I found the Albacore posting last Friday and emailed him immediately, since Kris and I were headed down to Corvallis for the weekend. Serendipity, I thought as I hit the send button on my email interface. My son was playing on Saturday night and we had already planned to head down with the vacation home on wheels to spend the weekend. Maybe we come home with a new boat too...
So, what does the guy say? "Sorry, I'm out of town this weekend."
Here's a clue for you folks, if you post something on Craigslist on a Thursday/Friday, expect to be around that weekend.
Makes me think his wife made him post it and he didn't really want to sell.
Either that or it was some elaborate secret agent message that I stumbled into and gave the right response initially, but missed the follow-up code words.
The search continues.
Monday, October 20, 2008
Sunday, October 19, 2008
We named the house we are in now the Hale Nani Mino'aka, which is Hawaiian for House of the Beautiful Smile and describes how I felt about Kris and our new home together when we moved in to this place 2 1/2 years ago. Although it looks small from the angle in this picture, especially dwarfed by the McMansions we are trapped between, it has a 100 ft. driveway and plenty of room inside.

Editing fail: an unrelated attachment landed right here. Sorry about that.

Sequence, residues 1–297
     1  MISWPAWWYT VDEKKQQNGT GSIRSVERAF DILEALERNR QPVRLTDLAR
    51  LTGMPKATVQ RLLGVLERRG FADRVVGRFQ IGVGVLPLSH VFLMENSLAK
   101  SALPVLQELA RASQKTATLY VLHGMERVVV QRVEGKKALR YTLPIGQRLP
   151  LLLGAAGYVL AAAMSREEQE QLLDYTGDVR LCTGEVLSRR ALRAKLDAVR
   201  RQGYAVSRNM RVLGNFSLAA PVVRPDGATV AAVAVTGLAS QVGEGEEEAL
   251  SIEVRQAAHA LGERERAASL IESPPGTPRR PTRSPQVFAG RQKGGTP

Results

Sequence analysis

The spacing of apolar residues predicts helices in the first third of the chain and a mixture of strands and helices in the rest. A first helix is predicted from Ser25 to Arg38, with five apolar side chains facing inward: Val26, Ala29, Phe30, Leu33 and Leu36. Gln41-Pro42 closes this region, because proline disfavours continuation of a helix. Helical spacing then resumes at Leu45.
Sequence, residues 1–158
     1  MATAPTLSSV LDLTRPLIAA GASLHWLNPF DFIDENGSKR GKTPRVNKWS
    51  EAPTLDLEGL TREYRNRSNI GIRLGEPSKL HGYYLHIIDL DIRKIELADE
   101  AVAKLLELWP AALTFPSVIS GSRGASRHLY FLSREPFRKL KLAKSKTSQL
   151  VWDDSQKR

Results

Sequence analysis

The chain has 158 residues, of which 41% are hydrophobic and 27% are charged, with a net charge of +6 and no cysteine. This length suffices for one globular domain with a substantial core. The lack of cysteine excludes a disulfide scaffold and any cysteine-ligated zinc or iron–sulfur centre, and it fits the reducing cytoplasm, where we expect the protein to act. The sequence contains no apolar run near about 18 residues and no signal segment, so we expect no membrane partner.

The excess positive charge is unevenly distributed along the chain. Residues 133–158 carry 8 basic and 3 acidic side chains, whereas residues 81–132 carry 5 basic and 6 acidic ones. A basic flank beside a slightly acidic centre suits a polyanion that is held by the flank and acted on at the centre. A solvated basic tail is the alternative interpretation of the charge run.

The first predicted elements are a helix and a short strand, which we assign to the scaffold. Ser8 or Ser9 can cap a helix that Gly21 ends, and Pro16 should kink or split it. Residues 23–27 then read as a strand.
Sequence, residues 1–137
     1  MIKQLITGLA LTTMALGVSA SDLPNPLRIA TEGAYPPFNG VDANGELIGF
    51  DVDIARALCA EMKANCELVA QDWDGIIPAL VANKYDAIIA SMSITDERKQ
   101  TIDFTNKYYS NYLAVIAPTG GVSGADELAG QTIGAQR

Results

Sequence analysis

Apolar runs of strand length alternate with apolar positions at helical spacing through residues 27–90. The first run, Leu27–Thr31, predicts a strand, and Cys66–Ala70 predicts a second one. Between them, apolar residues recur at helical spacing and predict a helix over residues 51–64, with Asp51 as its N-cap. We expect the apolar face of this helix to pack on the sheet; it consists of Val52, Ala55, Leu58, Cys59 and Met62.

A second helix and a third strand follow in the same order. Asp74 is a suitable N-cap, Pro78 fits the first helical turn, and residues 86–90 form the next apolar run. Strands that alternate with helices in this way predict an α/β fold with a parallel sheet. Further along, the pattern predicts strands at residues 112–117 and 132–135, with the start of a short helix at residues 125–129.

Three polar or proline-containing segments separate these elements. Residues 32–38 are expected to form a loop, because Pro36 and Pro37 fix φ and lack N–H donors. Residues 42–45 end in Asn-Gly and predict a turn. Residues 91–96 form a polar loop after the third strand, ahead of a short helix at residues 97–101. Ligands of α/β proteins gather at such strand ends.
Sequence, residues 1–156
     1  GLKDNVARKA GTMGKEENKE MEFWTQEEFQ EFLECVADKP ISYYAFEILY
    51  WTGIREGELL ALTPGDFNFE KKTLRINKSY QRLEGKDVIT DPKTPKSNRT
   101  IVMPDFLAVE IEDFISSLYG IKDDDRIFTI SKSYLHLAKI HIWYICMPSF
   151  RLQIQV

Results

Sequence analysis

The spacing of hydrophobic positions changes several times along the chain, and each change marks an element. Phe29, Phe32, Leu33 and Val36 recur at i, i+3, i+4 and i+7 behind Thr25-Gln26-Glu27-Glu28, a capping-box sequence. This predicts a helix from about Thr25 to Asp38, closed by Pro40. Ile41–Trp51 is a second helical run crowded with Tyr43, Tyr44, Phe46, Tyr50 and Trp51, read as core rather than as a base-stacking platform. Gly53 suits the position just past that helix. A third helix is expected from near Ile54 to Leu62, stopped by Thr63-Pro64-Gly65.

However, like I said, momma likes new stuff, so we began our search for a new retreat, which when we found it, we were leaning toward naming Pu'uhonua, Hawaiian for Place of Sanctuary. So, there we were, all set up to make the move to the new retreat when the builder filed for bankruptcy protection.